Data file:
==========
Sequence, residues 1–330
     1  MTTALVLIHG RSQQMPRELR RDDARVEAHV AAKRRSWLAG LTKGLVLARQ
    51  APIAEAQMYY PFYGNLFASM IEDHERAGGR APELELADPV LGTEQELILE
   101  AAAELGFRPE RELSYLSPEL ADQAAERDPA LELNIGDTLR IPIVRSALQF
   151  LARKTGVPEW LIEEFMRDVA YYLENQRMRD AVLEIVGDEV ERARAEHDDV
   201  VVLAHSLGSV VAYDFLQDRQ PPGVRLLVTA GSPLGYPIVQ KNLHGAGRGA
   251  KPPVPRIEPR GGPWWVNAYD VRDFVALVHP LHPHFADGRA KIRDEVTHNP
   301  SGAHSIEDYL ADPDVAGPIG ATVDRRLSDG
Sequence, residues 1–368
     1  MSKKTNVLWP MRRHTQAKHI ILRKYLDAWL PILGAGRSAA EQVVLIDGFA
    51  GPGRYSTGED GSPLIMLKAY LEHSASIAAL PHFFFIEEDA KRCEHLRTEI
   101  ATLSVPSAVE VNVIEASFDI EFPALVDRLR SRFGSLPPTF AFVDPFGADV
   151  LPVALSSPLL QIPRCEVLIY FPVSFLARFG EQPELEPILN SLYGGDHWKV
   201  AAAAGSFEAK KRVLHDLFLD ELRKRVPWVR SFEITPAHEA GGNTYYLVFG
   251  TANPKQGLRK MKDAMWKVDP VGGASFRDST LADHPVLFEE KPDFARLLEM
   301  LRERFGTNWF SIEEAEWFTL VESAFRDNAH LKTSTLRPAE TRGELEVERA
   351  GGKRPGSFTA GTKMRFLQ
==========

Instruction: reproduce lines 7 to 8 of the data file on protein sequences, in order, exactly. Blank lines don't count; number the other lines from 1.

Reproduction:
   251  KPPVPRIEPR GGPWWVNAYD VRDFVALVHP LHPHFADGRA KIRDEVTHNP
   301  SGAHSIEDYL ADPDVAGPIG ATVDRRLSDG